Sundae and cherries image

The best ice cream sundaes are the ones with a cherry on top. But for that cherry to get to the top of your sundae, a lot of things have to go perfectly right.

Newman: “When you’re growing fruit, or growing nuts, you are essentially stacking your bets on one of the most delicate manifestations of nature, and that’s a flower.”

That’s Trevor Newman of Roots to Fruits Ecological Design, a landscaping firm in Michigan. He says a few years ago, most of Michigan’s cherry crop was ruined after a cold snap came in the middle of an unusually warm spring. The cherry blossoms had emerged early – and then froze when temperatures dropped.

Newman: “Those farmers that are growing just one thing and kind of putting all their eggs in one basket as it were, they’re kind of in a bad situation when that happens.”

As the climate changes, winters are getting warmer in Michigan. And erratic weather could lead to more spring freezes. So Newman suggests cherry farmers introduce other fruit and nut varieties into their orchards.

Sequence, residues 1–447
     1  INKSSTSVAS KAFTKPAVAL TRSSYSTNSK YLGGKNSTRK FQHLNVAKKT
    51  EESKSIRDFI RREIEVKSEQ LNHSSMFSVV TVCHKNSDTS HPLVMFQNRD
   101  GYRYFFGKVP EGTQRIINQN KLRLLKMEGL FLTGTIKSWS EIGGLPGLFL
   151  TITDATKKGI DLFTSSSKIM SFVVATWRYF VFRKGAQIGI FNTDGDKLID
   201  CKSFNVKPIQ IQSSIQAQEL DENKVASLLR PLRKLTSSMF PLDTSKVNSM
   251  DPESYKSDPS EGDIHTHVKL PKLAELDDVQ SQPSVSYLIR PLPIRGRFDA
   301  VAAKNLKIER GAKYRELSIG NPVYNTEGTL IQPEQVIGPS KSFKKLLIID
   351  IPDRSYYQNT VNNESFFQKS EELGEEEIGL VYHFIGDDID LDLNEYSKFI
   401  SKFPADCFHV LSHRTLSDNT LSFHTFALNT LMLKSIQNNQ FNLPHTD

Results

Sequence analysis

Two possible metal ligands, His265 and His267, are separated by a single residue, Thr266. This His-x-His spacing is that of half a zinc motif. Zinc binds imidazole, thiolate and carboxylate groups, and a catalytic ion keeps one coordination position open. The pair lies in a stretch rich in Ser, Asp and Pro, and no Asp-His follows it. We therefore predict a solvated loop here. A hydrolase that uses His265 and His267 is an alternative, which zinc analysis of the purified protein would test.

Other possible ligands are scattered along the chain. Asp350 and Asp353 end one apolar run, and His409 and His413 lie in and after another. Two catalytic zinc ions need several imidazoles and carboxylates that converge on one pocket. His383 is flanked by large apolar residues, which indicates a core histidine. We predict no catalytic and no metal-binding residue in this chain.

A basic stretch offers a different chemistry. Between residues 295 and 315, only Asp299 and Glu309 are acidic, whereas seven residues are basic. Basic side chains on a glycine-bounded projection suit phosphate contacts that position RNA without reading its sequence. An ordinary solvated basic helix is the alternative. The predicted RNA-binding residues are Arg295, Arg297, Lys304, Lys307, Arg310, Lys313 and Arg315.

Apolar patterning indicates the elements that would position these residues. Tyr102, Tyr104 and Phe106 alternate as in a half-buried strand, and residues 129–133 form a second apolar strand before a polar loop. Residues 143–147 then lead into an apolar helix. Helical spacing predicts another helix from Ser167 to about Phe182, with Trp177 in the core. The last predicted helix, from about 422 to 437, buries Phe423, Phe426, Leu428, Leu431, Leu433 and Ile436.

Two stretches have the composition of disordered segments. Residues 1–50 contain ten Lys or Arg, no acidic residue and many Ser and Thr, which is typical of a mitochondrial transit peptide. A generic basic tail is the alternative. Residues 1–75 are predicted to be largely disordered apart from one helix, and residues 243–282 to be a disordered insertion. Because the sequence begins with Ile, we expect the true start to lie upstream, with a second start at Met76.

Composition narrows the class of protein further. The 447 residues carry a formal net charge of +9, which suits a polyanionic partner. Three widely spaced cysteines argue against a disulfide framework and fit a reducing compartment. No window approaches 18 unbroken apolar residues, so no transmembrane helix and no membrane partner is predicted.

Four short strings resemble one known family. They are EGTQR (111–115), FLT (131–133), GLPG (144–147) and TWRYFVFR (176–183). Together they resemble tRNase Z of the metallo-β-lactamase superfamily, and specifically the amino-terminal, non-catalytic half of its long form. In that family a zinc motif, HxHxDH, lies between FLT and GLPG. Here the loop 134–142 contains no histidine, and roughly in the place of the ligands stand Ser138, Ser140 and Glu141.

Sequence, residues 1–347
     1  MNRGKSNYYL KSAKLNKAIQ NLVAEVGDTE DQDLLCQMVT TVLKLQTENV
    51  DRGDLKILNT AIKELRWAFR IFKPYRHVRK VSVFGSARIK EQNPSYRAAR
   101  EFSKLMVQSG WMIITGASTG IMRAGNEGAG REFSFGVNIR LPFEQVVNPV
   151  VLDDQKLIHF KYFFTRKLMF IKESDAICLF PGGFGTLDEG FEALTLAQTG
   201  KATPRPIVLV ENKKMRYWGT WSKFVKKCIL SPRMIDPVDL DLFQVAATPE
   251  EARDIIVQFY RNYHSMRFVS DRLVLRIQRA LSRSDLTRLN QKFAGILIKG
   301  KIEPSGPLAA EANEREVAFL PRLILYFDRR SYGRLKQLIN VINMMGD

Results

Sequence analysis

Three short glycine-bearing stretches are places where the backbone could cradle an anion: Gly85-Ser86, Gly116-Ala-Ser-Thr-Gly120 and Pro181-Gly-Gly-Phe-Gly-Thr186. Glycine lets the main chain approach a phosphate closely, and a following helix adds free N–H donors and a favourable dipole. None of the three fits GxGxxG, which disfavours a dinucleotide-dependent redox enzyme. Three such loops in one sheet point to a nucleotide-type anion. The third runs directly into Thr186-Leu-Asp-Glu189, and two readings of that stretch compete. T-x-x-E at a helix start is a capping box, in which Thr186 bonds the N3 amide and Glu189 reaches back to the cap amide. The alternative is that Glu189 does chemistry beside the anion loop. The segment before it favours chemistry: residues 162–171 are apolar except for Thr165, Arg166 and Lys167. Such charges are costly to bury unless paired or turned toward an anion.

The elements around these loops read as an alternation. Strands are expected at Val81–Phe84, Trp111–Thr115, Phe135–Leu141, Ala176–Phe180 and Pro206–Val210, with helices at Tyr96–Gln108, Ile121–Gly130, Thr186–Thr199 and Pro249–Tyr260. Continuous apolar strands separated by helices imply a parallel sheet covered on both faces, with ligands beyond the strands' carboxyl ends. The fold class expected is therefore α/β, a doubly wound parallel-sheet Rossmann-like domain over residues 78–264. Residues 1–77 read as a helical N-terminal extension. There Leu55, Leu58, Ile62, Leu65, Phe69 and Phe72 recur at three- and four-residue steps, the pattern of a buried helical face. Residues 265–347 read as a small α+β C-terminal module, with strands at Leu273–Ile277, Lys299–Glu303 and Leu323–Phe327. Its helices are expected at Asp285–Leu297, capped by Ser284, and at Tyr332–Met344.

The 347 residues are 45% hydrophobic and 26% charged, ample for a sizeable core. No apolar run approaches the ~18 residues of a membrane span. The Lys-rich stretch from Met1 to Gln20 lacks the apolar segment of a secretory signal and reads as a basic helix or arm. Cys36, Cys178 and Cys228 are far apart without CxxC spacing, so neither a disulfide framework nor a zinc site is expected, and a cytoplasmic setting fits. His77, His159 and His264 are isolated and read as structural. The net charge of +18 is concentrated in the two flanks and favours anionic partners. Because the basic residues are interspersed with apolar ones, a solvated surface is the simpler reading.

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Newman: “It gives us a little bit more cushion, you know, if the cherries fail, well we’ve got a few other things, we’re not stacking all our bets on these, just this one crop.”

That could help cherry farmers stay afloat as the climate changes – so they can continue growing that cherry for the top of your ice cream sundae.

Reporting credit: ChavoBart Digital Media.
Image graphic: Created by David McCarthy.

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Daisy Simmons

Daisy Simmons is a freelance writer and editor with more than 15 years of experience in research-driven storytelling. In addition to contributing to Yale Climate Connections since early 2016, she also...